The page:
Don’t go into Creed expecting a montage-filled macho fest. It leans heavily on a story that builds Adonis’s character as a conflicted fighter from LA trying to prove himself in Philadelphia and eventually in front of the world. At times, it can lag because it pushes a romantic angle (not between Rocky and Adonis) so hard, instead of the training, that it feels like a different type of genre film.
The best parts of the movie comes down to the original way each fight is shot. Director Ryan Coogler managed create one-take fights where each fighter trades blows without cutting or using trick photography. It provides a sense of realism and actual stakes. This style is kept until the final fight, where it turns into a traditional Rocky closing bout, music and all. I assure you, when you hear it, you’ll be cheering.
Creed may seem like the sixth sequel to a great movie, but it can also stand on its own and hopefully spawn Creed movies that continue with its own legacy. The biggest failing is that it didn’t treat the previous franchise with a love letter, but instead used it as a crutch. B+
After last year’s I, Frankenstein, the masses couldn’t be satiated with their constant need for strange reboots of Mary Shelley’s classic story, and so we have another version of Dr Frankenstein and his monster.
This time around, the story is told through the eyes of Igor (Daniel Radcliffe). He had been raised as a circus clown his entire life, but also had a penchant for medicine and science. When Dr Frankenstein spies his true talents, he rescues him and utilizes his mind for his mad science. Together, these science bros come up with the plans to return life from death’s door.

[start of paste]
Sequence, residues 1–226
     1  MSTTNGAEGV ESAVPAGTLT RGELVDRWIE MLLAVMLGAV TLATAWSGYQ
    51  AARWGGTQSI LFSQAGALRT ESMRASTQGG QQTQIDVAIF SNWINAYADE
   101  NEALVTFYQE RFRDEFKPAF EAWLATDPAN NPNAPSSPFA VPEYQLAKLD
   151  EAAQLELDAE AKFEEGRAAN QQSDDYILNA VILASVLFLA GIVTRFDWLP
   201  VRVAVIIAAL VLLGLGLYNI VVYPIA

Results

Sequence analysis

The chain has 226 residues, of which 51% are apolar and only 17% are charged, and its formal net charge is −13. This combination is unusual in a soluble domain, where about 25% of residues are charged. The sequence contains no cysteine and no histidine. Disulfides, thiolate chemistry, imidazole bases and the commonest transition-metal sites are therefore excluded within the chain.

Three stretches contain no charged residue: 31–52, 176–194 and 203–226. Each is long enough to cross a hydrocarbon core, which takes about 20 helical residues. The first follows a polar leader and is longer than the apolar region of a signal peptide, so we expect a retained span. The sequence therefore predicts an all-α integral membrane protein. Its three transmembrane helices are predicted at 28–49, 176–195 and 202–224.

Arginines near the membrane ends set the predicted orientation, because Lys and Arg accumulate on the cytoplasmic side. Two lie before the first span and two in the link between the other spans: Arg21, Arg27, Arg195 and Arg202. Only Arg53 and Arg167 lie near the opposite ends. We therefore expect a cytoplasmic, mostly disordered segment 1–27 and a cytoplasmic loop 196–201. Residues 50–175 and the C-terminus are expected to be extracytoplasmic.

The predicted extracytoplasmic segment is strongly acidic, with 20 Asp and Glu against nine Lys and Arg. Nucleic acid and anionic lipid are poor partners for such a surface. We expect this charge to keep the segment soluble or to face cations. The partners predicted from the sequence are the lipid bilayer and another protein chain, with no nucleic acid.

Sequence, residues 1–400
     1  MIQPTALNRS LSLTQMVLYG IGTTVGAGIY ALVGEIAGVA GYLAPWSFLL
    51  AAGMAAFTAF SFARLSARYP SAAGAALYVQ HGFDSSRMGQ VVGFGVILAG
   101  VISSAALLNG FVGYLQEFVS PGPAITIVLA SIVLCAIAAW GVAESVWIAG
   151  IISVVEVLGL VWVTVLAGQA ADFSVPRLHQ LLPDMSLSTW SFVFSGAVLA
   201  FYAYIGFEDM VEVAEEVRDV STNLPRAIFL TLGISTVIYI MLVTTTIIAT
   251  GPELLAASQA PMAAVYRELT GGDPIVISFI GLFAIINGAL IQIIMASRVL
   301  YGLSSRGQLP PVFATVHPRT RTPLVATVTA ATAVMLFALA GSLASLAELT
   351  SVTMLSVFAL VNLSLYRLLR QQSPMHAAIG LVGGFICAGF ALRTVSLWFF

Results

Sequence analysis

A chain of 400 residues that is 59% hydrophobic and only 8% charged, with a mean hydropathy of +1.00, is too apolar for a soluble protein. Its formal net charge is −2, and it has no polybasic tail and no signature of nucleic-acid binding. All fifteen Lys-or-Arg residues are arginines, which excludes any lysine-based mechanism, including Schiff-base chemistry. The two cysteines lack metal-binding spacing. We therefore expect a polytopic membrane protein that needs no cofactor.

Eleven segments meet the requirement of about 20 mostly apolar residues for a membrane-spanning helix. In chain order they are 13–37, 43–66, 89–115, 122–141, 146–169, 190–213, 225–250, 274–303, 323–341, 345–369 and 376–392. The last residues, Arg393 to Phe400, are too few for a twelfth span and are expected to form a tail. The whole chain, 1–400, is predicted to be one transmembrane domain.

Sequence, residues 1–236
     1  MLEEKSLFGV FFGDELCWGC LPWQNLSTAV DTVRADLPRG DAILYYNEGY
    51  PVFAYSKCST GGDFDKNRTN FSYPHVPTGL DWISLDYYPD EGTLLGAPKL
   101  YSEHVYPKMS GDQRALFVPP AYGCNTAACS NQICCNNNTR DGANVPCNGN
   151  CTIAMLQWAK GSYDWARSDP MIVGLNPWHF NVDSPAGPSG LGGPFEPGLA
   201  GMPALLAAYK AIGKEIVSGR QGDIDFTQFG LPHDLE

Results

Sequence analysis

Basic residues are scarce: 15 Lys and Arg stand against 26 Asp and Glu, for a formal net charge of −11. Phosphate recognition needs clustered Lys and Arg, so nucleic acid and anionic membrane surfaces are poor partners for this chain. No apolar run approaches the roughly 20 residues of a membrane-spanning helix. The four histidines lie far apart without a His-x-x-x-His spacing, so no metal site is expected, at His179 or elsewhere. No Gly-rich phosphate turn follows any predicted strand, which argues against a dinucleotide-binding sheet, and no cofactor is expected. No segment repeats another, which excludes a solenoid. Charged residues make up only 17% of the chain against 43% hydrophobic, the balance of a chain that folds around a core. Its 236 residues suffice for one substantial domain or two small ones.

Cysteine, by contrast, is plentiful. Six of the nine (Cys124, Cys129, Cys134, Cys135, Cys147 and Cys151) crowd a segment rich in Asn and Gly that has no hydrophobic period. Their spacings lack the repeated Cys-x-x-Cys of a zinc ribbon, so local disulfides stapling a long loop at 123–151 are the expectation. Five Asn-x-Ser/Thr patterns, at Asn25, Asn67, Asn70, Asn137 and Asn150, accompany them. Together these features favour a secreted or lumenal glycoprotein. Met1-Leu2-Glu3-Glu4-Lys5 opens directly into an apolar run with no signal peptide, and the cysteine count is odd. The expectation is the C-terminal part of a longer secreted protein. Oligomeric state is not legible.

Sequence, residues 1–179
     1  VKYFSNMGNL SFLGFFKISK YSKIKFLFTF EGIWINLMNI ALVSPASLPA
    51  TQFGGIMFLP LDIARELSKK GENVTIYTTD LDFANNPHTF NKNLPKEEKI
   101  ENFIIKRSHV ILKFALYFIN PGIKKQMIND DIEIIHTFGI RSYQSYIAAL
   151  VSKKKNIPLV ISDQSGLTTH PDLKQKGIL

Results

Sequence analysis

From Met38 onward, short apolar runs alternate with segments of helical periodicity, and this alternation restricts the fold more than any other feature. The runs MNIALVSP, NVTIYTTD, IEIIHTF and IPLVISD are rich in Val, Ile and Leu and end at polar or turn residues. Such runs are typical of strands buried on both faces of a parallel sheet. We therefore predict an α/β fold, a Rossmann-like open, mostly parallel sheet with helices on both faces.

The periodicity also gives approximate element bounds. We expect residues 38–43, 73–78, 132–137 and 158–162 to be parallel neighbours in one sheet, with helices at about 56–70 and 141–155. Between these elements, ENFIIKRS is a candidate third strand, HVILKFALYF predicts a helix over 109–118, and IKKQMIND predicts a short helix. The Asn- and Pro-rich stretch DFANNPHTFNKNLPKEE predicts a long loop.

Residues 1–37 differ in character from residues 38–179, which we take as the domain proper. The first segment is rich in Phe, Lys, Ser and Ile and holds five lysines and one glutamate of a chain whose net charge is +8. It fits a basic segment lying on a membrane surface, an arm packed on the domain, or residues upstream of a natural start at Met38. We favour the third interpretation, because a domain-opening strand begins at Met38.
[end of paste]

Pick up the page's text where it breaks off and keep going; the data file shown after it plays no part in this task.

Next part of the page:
Nobody asked for this movie and I imagine that it will disappear before anyone notices. The draw here is the two leads. Daniel Radcliffe, while not being great at picking scripts, is generally solid and relatable. His take on Igor provides us with a character that rarely sees the light of day. When acting opposite each other, Radcliffe and McAvoy are captivating enough. Yet, much of the story is dedicated to Igor pining for a trapeze artist/aristocrat (don’t worry, it’s not supposed to make sense). The romance is forced and takes away from the best part of the movie – James McAvoy.